It is interesting to note that the “natural scale” in North India is the same as the Western natural scale. However, one should not presume 
that this scale has any special popularity. Its designation as “natural” appears to be merely a convenience for musical notation and musical theory.

This may clarify some of the issues behind the North Indian scales, but what about the rags?

Rags:  North Indian rags have an ascending and a descending structure. In other words, the notes (mode) when going up the scale, 
need not be the same as the notes (mode) when coming down.

North Indian rags have a time-of-day attached to them. This is a peculiarity of the North Indian interpretation. South Indians rags are 
not attached to any particular time.

There may also be a characteristic phrase. This phrase is variously referred to as “pakad” or “swarup”. Such a phrase can make the 
character of the rag very easy to recognize.

Additionally, there is a concept of importance of the notes. According to this system, an important note is referred to as a vadi, while a 
note of secondary importance is referred to as samvadi. This system is conceptually quite simple, but the implementation has been so poor that this concept may safely be discounted.

The Tal: The North Indian approach to rhythm has some unique features. Although the basic structure of beat/measure/cycle is fundamental to 
the tal, there is the addition of one unique concept, the theka.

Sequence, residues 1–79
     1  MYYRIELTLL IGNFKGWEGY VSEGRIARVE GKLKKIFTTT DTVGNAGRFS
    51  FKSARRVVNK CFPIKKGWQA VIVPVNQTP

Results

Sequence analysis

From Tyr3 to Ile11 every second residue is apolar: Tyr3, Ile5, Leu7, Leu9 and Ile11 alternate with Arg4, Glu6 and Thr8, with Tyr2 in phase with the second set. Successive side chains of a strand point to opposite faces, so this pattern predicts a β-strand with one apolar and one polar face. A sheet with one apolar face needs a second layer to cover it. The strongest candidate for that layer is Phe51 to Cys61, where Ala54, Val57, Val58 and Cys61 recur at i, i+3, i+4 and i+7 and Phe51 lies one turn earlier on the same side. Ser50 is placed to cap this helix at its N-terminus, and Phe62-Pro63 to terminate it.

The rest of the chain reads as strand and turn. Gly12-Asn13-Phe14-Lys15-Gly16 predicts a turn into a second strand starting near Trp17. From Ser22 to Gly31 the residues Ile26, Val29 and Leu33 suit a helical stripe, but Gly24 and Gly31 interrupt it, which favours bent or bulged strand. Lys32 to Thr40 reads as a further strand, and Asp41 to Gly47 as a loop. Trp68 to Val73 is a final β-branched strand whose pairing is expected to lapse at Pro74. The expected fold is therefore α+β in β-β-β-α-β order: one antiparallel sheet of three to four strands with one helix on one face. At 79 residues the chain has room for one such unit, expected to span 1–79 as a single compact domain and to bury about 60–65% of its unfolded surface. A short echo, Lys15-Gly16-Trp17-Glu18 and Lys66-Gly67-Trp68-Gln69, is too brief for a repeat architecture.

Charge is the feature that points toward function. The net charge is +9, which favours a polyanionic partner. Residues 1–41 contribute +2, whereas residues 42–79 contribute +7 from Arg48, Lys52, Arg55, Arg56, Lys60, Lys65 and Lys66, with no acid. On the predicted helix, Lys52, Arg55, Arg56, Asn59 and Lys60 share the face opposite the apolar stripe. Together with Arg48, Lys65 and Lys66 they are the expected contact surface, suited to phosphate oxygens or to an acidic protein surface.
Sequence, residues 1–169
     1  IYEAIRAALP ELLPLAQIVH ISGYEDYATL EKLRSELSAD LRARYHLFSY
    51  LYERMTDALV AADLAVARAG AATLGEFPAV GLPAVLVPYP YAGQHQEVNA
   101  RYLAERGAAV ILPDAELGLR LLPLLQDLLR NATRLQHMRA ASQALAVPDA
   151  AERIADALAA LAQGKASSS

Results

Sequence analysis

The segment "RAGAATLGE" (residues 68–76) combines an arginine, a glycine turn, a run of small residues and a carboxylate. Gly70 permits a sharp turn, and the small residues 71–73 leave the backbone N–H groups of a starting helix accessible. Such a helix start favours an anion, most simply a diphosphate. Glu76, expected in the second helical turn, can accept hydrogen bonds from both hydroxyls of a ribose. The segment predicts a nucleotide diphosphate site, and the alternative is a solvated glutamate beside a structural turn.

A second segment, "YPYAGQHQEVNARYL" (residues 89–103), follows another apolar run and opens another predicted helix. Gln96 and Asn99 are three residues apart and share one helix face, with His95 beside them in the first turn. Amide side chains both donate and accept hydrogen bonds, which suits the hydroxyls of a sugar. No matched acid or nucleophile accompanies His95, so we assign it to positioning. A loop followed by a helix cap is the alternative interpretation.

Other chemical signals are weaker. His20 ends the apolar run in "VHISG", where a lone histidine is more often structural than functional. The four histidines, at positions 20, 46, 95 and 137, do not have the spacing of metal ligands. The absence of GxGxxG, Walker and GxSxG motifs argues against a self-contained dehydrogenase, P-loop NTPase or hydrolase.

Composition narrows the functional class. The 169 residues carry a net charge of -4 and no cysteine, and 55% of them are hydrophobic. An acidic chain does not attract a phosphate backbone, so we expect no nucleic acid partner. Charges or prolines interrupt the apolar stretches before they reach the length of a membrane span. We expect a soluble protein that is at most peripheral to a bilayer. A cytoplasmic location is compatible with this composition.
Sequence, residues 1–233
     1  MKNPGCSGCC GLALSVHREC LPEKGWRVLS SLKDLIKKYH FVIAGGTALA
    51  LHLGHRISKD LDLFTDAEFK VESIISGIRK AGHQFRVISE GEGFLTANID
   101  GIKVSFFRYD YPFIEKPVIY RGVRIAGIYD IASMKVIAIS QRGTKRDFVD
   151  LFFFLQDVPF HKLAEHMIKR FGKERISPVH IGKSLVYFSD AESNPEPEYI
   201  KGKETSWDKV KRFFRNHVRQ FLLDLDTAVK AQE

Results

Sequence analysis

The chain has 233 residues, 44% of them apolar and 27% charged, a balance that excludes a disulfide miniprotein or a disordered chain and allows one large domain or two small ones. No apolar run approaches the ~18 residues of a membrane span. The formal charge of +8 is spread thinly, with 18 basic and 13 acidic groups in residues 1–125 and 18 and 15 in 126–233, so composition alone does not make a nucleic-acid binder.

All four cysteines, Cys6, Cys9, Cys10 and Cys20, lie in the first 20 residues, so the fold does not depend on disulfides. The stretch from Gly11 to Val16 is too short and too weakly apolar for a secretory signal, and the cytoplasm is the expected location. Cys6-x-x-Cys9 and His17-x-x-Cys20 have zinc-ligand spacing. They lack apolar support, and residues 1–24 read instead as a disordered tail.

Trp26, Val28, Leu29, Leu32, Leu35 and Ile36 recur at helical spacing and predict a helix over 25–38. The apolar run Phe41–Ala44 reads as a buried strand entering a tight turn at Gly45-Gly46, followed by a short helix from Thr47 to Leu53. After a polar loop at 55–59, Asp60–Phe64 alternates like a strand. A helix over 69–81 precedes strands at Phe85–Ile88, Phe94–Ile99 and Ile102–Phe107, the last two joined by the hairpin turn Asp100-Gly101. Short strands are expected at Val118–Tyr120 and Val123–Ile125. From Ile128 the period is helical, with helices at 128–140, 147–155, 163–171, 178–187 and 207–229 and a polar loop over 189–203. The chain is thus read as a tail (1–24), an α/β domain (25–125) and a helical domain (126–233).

The theka is a conventionally accepted pattern of bols (syllables) which are used to define the tal. In the North, one may have multiple 
tals with the same number of beats, the same number of measures and with the same clapping and waving arrangement; yet they may be 
considered to be separate tals if the thekas are different. This is not the case in South Indian music.


There are many vocal forms in North Indian classical music. Here is a small list:

Kheyal: The kheyal is a highly improvised form of music. It has its origins in the 17th-18th century and has grown steadily in popularity. 
Today, it is considered the benchmark for North Indian classical music. There are generally two movements; there is a slow section known as 
bada, or vilambit kheyal, there is also a fast section which is known as chotta or drut kheyal.

Tarana: Tarana is said to go back to the time of Amir Khusru (circa 1300a.d.). Originally the lyrics were in Persian, but over the centuries the words have devolved into meaningless syllables. Today, it is a form which is roughly comparable to the Western scat singing.

Dhrupad: At one time, the dhrupad was considered to be the standard for North Indian classical vocal. However, during the 20th century it 
declined in popularity until today it is nearly extinct.

Dhammar: Dhammar is considered to be a somewhat lighter form of dhrupad. It is also known as hori, or holi, due to its association 
with the springtime festival of the same name.

Semiclassical Music: There are also a number of semiclassical forms of music. Tappa, thumri and even ghazal are often considered to lie 
within this class.